Best wishes: Kevin

  2. Dear sir I do believe in functional appliance as it is the best preventive orthodontic treatment. I am treating certain patients with the twin block and they are giving excellent results. Even one patient who was wearing the twin block for almost two years (since he was not frequently visiting me) had great results even though he was wearing the appliance less frequently. What I have noticed in this appliance is that it gives a real good initiation of the forward growth of the mandible which in the future is very helpful in the fixed orthodontic treatment….

    • The beautiful thing about Dr. O’Brien’s blog, and his approach to reviewing the literature is to help us not have to use statements like: “I do believe in functional appliance.” If our profession wishes to maintain its position of respect, we need to be critical of our treatment and outcomes. This means we don’t assume that the mandibular growth we observed while the patient was in treatment was necessarily due to our treatment. Treatment benefits need to be proven.

      • Thank you sir for the reply and your comment is duly noted. I totally agree with you sir as the treatment benefits should be proved. The reason why I had commented for this blog is that I appreciate this appliance on the way it helps in the mandibular movement as it is improving the patient’s occlusion as well as myo-facial changes.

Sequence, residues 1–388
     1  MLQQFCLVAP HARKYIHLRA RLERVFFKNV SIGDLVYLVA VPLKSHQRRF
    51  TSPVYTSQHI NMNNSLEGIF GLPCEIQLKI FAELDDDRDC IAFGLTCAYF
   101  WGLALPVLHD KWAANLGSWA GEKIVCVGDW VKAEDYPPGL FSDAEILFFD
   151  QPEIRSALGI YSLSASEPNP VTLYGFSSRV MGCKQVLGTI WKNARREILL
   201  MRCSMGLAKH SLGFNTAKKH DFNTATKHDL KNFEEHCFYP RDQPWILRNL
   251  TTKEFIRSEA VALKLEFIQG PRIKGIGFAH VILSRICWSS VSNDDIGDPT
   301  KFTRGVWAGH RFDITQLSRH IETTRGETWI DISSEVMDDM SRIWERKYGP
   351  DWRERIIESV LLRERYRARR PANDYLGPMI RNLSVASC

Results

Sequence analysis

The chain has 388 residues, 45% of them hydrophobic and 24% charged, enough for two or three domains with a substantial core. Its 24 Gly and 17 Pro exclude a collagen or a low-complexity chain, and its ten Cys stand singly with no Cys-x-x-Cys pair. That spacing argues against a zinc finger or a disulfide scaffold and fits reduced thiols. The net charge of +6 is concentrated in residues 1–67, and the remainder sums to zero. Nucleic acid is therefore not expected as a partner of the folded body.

3. Firstly Kevin, have I wish you as least pain as possible and a speedy recovery. And, yes, love your blog.

    This argument has been around for over a century and in its modern context, significant research has existed for about 30 years as described by Lysle Johnston in Science and Clinical Judgement (about) 1985. It seems all Class II modalities elicit similar responses, elastics and even headgear. If there is a need for those lower incisors to come a long way forward then perhaps a functional and non-extraction approach should be reconsidered.
    The questions that remain are the extra cost of any treatment justifiable? Costs include lab fees, chair time, further impressions, psycho-social cost of impaired speech, discomfort, travel time, discomfort- pain, lost opportunity for doing something else in that time?
    Early treatment when some of your dot points apply is indicated but when those points don’t apply: Are functional appliances a cost or a saving when treating a Class II patient? Does the severity of the molar relationship influence the economics?